In this vein, “birther” claims have been supplanted by “flat earther” assertions. That is, challenges to basic science—such as contemporary popular claims that Earth is a flat planet—are not signs of innovation and nuance, but rather failures in education. During John F. Kennedy’s administration, such thinking would never have guided a national space program, or landed anyone on another continent—let alone the moon.
In the present, to know varieties of greens, such as arugula, implies being out of touch and elitist rather than curious about what grows from the earth. In 2014, the media contributed to this, deriding Barack Obama for declaring the price of that spicy green was excessive. President Obama was seen as “out of touch” with the American people. If only the problems of a U.S. president centered on his appreciation for nutritious greens.
During the Obama administration, anti-intellectualism intensified—motivated likely by racism. No one could mistake either Michelle or Barack Obama as trust-fund beneficiaries. According to news accounts, they were paying off their college and law school loans as he campaigned for the White House. Neither received the economic boost that marked the legacies of presidents like Trump, Kennedy, Carter, Bush or others. Neither grew up with second homes or with childhoods marked by luxurious family vacations.
How ironic then, that they could be framed as being out-of-touch and elitist.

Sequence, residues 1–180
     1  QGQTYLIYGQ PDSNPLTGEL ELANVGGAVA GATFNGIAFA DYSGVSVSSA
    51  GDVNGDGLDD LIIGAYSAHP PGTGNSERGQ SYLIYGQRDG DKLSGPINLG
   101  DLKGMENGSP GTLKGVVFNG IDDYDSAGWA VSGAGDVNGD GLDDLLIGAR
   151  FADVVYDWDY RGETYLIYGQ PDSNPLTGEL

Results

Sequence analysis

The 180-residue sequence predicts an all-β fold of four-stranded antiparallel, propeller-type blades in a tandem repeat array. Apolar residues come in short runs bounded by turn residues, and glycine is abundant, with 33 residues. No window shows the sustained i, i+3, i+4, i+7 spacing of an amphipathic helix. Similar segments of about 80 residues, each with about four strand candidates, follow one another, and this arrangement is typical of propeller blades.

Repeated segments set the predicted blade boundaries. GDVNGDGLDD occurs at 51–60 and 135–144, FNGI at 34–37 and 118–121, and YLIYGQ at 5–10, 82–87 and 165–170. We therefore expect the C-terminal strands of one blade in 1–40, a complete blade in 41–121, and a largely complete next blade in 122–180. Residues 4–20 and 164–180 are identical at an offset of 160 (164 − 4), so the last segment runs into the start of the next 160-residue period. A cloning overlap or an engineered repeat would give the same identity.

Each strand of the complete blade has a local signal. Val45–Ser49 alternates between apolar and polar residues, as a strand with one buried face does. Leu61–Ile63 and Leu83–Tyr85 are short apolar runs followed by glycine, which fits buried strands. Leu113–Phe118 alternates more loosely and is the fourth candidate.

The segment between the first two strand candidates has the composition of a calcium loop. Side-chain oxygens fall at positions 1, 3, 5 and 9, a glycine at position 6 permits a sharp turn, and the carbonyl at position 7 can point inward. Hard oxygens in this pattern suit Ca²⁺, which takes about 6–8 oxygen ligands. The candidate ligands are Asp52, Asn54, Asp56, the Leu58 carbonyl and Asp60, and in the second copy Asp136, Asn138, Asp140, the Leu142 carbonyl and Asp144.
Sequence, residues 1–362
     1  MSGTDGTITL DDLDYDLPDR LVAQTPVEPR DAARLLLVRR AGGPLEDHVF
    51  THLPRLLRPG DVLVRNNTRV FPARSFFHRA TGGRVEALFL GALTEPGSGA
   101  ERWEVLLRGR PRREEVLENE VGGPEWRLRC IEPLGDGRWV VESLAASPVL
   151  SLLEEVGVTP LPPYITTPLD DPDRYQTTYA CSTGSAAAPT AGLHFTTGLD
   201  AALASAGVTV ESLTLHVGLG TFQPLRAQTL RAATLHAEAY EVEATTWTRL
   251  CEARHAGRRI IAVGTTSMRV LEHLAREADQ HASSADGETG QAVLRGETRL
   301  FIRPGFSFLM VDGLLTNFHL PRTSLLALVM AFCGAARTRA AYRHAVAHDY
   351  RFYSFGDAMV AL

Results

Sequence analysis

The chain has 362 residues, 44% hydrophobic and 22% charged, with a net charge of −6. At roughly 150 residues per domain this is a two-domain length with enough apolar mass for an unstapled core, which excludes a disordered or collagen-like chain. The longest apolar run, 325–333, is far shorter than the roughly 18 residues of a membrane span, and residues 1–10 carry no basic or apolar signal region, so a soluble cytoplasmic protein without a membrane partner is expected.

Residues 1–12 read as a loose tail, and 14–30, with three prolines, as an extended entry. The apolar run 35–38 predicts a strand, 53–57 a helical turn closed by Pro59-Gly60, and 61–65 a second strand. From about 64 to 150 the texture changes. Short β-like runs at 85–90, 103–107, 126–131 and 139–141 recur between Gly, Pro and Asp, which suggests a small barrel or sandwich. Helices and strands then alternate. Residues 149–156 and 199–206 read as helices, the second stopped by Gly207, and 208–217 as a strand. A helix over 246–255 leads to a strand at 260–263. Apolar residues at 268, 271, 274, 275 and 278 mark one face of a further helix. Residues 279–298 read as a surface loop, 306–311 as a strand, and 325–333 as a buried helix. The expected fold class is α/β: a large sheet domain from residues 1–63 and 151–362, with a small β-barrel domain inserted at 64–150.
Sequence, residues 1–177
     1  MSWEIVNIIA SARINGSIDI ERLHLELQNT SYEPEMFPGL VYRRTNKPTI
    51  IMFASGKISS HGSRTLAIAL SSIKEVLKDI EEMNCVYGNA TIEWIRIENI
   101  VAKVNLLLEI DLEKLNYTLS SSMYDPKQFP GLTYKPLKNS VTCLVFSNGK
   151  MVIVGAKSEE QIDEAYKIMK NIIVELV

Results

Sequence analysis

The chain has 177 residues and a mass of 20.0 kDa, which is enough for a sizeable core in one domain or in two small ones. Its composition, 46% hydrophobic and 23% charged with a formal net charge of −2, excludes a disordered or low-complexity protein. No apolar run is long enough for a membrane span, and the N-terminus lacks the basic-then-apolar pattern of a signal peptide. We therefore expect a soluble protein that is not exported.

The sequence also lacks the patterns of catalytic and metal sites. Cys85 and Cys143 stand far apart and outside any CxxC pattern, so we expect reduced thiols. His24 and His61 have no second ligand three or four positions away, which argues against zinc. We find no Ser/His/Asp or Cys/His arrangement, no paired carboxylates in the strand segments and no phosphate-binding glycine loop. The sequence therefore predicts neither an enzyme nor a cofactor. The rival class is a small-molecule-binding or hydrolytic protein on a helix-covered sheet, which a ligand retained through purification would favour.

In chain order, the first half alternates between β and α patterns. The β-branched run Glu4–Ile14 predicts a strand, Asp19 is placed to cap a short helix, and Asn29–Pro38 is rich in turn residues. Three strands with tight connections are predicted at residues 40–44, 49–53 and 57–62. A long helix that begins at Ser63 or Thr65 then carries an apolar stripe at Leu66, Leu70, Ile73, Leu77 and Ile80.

What is clear is that the crisis in U.S. education can be deadly—whether taking seriously a president’s call to consider ingesting disinfectants or attempting to prove the earth is flat.
On average, 64 percent of American 8th graders read below grade level; that means barely 35 percent are at grade level. Various studies show that teenagers in the U.S. continue to fall behind their peers in Europe, Asia and elsewhere in math, science and reading. Study results from the Program for International Student Assessment, known as PISA, show the glaring gap.
Experts who study this, say the U.S. is losing ground and the results are worrying. This in part could be blamed on an education system rooted in disparities and lacking a commitment to broad inclusion. A comparison to how the U.S. grows its prisons and jails while failing its schools offers important insights.
Importantly, the crisis is not confined to the unequal conditions of U.S. K-12 schools—though that remains an urgent concern. Rather, it is a crisis in values where being incurious is rewarded as being true American.